On Monday an EU complaints IT platform will be born and all UK businesses selling online will have to have a link to it! Consumers and businesses should be celebrating as this should make ADR more popular for dealing with customer complaints that can’t be resolved, so avoiding the need to go to Court.
Coincidentally, the long running legal battle over the copyright regarding ‘Happy Birthday’ may have been settled using ADR.
Not many people know that the reason why the song has not appeared in many films is that Warner/Chappel claims to own the copyright and so royalties have to be paid for each use.
Warner/Chappell bought the rights for $22m in 1988 and has since made an estimated $2m a year licensing the song for movies and TV.
However, a US judge (J. King) ruled that the copyright does not cover the song lyrics followig a lawsuit filed by company who argued the song should be ‘dedicated to public use and in the public domain’
Good Morning To You Productions Corp., which is working on a documentary film tentatively titled ‘Happy Birthday’ issued the claim which has been going on for over two years. They were told that they would have to pay $1,500 to use it in the film.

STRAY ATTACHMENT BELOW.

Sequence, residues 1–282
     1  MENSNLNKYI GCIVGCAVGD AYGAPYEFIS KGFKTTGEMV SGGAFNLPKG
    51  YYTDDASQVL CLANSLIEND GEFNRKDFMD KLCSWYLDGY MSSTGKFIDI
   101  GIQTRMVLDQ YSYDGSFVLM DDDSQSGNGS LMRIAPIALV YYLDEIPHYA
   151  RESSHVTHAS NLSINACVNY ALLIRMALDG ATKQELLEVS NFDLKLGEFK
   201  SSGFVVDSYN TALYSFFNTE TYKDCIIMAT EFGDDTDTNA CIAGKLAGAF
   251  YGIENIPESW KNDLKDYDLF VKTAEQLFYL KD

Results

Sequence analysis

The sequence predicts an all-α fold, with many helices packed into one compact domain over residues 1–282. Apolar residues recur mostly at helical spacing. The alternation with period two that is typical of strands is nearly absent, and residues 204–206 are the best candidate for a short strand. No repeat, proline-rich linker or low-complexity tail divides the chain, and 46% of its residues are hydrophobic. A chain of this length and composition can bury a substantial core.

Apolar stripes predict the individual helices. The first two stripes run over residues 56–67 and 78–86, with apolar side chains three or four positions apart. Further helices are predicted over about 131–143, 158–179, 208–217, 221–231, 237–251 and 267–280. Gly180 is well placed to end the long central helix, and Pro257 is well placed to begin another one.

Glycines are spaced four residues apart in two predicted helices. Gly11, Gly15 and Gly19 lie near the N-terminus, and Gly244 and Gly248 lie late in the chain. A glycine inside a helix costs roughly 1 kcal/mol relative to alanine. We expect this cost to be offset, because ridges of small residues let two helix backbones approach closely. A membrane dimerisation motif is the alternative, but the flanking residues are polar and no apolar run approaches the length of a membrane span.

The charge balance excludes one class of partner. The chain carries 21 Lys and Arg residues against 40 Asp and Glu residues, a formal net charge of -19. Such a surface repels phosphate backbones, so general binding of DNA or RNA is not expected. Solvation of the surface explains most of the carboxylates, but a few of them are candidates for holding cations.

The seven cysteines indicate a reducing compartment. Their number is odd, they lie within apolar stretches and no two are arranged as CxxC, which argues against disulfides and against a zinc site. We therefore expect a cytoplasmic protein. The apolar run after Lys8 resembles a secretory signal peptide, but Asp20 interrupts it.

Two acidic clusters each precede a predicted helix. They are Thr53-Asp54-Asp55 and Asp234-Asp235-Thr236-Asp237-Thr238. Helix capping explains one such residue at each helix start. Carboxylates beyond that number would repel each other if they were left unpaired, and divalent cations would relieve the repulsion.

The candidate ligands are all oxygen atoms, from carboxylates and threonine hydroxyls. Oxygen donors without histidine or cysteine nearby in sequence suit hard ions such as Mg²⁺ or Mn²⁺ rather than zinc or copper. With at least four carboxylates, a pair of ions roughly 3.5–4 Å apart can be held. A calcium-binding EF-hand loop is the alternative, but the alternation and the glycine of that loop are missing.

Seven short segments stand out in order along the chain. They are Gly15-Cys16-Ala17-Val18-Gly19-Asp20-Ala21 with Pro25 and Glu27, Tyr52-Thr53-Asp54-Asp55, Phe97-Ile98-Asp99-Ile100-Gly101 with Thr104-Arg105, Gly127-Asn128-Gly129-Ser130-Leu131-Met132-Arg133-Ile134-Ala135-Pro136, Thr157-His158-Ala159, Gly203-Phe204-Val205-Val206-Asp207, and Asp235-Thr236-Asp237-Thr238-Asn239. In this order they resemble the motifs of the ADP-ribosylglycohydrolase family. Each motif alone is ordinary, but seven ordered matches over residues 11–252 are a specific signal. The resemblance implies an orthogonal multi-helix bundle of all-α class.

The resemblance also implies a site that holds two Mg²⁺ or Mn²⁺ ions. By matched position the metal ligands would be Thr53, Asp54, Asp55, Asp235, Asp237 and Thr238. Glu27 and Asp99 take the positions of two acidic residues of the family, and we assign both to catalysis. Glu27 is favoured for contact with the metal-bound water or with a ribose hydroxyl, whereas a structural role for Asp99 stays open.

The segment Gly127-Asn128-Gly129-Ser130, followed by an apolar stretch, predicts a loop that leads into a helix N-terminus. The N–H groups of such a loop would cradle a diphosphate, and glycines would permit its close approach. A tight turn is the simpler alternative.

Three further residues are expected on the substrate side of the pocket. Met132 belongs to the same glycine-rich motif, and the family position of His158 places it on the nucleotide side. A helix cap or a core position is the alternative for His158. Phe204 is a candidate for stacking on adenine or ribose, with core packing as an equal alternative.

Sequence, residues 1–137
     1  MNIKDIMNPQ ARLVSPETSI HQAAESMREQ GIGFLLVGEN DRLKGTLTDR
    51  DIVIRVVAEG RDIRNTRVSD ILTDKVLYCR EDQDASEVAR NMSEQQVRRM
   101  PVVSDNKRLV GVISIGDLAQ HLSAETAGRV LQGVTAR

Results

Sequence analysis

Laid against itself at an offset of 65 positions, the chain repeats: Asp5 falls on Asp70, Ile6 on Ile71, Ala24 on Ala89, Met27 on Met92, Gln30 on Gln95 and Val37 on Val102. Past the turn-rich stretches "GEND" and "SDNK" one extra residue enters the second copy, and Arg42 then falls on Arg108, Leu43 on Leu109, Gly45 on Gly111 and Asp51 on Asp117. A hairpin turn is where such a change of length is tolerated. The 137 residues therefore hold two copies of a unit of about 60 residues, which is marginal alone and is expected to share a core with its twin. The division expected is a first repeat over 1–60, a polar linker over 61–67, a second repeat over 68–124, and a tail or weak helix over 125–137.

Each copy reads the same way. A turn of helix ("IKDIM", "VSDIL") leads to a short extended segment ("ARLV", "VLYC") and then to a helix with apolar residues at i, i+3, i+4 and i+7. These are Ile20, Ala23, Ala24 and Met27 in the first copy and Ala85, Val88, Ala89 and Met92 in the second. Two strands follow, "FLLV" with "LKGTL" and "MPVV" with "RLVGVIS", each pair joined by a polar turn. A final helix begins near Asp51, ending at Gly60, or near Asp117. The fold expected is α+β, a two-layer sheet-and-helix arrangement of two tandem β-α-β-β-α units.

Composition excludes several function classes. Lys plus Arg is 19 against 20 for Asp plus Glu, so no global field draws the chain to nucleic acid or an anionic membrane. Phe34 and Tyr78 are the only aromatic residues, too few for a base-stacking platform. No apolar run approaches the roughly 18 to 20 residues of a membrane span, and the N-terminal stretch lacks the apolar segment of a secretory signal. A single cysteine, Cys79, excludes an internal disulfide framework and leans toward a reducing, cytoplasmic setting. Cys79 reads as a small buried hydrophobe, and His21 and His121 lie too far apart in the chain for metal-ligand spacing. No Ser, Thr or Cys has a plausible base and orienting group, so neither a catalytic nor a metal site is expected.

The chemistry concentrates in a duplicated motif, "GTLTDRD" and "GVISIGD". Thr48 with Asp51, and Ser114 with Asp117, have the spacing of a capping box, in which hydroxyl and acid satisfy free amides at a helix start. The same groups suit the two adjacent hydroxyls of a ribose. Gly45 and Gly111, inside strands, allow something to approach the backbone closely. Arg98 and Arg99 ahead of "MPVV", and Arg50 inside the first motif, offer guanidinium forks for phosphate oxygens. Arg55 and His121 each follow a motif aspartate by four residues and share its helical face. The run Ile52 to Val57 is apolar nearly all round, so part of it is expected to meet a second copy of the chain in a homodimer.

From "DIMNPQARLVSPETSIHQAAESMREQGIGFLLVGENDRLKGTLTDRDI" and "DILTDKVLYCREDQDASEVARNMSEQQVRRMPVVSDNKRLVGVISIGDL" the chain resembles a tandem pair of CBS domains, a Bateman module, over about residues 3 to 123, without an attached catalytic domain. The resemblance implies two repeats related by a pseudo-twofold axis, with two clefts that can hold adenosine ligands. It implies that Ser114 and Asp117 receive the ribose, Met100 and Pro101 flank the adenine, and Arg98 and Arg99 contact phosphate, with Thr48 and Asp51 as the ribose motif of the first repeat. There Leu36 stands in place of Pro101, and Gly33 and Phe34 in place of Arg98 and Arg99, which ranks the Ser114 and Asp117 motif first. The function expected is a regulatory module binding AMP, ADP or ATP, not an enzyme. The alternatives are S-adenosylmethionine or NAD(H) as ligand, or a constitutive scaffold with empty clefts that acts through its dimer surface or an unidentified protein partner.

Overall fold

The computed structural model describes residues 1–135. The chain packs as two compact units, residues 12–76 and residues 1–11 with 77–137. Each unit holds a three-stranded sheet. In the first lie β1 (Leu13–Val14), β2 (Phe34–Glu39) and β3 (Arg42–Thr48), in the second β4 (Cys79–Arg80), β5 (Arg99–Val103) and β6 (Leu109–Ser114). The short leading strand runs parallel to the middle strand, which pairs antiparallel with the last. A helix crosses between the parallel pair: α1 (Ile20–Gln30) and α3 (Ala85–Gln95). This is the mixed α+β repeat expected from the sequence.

The lawsuit also asked for monetary damages and restitution of more than $5 million in licensing fees that it said Warner/Chappell had collected from thousands of people and groups who have paid to use the song over the years.
In a settlement filed with courts on Monday, Warner/Chappell agreed to pay $14m to end the lawsuit.
The tune has a long contentious history stretching back to the late 19th century. Warner/Chappell bought the rights for $22m in 1988 and has since made an estimated $2m a year licensing the song for movies and TV.
On 14 March, J. King will get to approve the settlement filed on Monday, making the song available to the public.
Although Warner/Chappell agreed to settle, the company has issued a statement noting that it “respectfully disagreed with the court’s decision.”
The legal team representing the Claimants are seeking a $4.62m fee for their work on the case. The rest of the $14m settlement will be used to compensate everyone who has paid a fee for the use of the song in the past.
Given the legal costs involved and the release of the song for general use, this is another successful instance of using ADR to resolve long running disputes.